La Baye was a small trading post established on the Baie des Puants (Green Bay, WI) in 1634 by Jean Nicolet. Nicolas Perrot, who was sent by Father Claude-Jean Allouez who was a French explorer of North America, continued the work that Nicolet had started. In 1671, the Jesuits constructed a mission. Fort La Baye was constructed in 1717. The town of La Baye was incorporated in 1754. At the end of the Seven Years’ War, it went under British control in 1761 and was renamed Green Bay.
By 1718, there were some Métis families in the very broad area of the fort, but no settlement focused on it specifically. Other families settled across the river from the fort in an area which was called Munnomonee, because of the Menominee native people that lived there.
It was not until 1763 that concerted civilian settlement by people with some European ancestry began in the area. The first settlement in that year was led by Charles de Langlade, who was the son of a French-Canadian father and an Odawa mother. Most of the families had come to La Baye from the Mackinac area.
In 1816 La Baye had a population of about 40 families, who were virtually all Métis. In the summer of 1820 La Baye was estimated by Henry Schoolcraft to have 500 inhabitants.
Nicolet is noted for being the first European to cross Lake Michigan. In 1634 he became the first European to explore what would become Wisconsin. Jean Nicolet landed at Red Banks, near modern-day Green Bay, Wisconsin, in search of a passage to the Orient. He and other French explorers had learned from their native contacts that the people who lived along these shores were called Ho-Chunk, which the French translated as “People of the Sea”. In their language, it meant “harvest (cutting) the rice,” as they used wild rice as a staple of their diet. Nicolet concluded that the people must be from or near the Pacific Ocean, and would provide a direct contact with China.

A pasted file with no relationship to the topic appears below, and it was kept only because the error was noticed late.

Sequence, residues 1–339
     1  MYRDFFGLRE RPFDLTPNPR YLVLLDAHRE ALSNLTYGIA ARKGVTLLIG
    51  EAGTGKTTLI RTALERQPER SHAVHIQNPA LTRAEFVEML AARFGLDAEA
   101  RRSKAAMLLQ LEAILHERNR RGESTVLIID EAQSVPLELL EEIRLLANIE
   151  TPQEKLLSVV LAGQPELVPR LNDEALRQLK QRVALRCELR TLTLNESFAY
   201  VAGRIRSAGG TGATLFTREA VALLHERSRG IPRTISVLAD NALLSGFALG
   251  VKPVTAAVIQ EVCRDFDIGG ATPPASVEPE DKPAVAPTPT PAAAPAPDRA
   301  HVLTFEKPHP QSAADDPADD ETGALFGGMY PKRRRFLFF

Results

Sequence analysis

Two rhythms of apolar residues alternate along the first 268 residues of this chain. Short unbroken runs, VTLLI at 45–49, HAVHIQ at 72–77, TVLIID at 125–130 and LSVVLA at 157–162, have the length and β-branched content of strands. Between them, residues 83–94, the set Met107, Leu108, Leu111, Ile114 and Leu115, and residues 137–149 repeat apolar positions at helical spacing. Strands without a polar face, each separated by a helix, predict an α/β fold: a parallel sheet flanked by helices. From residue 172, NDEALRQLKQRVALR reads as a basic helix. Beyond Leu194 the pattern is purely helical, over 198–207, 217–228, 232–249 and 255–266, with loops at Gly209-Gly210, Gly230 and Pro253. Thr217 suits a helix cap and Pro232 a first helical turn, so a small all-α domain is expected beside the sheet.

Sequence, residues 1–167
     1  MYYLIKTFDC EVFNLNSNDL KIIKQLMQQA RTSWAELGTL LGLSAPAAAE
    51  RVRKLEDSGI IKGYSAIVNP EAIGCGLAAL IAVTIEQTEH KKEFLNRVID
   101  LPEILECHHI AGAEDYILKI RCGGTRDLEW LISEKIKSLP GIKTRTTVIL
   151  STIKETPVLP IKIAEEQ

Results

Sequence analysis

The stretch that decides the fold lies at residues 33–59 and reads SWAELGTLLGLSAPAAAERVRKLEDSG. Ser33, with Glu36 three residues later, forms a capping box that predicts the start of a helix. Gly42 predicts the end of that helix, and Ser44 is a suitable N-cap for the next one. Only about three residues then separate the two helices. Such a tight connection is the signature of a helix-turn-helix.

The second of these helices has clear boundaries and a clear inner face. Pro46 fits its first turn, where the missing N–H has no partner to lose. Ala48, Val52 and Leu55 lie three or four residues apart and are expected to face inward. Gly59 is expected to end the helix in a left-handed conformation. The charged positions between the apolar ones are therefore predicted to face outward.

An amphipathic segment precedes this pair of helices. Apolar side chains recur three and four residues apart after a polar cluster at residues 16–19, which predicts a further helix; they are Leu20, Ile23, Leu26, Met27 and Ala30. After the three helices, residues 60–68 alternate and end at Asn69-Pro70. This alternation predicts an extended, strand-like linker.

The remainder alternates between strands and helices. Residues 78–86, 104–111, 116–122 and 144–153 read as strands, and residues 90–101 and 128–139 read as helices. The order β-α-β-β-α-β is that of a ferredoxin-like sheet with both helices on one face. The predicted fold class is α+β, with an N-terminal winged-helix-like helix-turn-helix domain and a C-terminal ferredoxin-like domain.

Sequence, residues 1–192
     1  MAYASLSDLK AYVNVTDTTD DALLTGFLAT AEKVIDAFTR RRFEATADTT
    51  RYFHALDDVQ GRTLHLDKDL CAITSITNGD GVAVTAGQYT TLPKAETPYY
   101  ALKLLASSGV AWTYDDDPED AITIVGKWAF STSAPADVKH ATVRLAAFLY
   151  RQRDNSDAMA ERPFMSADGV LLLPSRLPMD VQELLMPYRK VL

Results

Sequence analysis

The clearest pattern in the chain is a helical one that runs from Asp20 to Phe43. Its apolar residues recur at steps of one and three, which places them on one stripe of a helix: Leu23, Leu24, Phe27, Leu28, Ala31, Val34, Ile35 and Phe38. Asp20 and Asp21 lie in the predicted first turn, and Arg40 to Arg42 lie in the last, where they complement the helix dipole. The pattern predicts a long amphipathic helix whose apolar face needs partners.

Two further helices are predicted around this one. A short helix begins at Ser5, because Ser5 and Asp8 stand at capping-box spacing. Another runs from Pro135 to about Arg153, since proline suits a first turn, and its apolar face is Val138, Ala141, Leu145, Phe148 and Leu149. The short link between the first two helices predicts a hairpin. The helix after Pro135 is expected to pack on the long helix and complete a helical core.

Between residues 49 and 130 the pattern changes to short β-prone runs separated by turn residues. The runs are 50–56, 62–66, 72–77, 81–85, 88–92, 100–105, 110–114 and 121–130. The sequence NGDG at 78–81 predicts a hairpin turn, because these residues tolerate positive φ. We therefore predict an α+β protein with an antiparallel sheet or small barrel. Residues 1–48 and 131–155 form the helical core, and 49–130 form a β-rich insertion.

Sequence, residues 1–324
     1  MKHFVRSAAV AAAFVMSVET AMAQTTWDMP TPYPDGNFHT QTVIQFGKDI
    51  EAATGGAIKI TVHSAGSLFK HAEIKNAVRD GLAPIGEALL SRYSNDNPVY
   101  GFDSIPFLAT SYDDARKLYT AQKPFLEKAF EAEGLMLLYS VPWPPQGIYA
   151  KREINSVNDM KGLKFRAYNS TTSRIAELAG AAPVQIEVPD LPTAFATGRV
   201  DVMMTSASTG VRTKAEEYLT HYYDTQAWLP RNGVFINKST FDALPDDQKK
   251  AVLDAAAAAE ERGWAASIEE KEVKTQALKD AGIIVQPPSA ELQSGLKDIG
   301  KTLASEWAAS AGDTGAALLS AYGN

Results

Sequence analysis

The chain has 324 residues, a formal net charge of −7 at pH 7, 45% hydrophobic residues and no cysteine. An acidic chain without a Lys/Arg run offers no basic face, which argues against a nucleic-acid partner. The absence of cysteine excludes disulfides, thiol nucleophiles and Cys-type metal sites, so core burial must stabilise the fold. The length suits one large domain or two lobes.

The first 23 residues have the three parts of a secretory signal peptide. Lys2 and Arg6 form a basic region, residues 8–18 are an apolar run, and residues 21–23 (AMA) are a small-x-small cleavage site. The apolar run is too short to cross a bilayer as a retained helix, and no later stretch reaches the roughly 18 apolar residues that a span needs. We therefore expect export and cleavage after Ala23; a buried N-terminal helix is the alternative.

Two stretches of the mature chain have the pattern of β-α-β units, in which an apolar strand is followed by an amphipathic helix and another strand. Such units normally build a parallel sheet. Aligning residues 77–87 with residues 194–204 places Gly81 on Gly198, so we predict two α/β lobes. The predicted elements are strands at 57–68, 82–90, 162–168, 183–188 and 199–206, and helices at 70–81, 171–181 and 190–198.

Nicolet became the French ambassador to the Ho-Chunk people. He wore brightly colored robes and carried two pistols, to convey his authority. The Ho-Chunk people appreciated his ritual display. With some Ho-Chunk guides, Nicolet ascended the Fox River, portaged to the Wisconsin, and travelled down it until it began to widen. So sure was he that he was near the ocean, that he stopped and went back to Quebec to report his discovery of a passage to the “South Sea,” unaware that he had just missed finding the upper Mississippi River.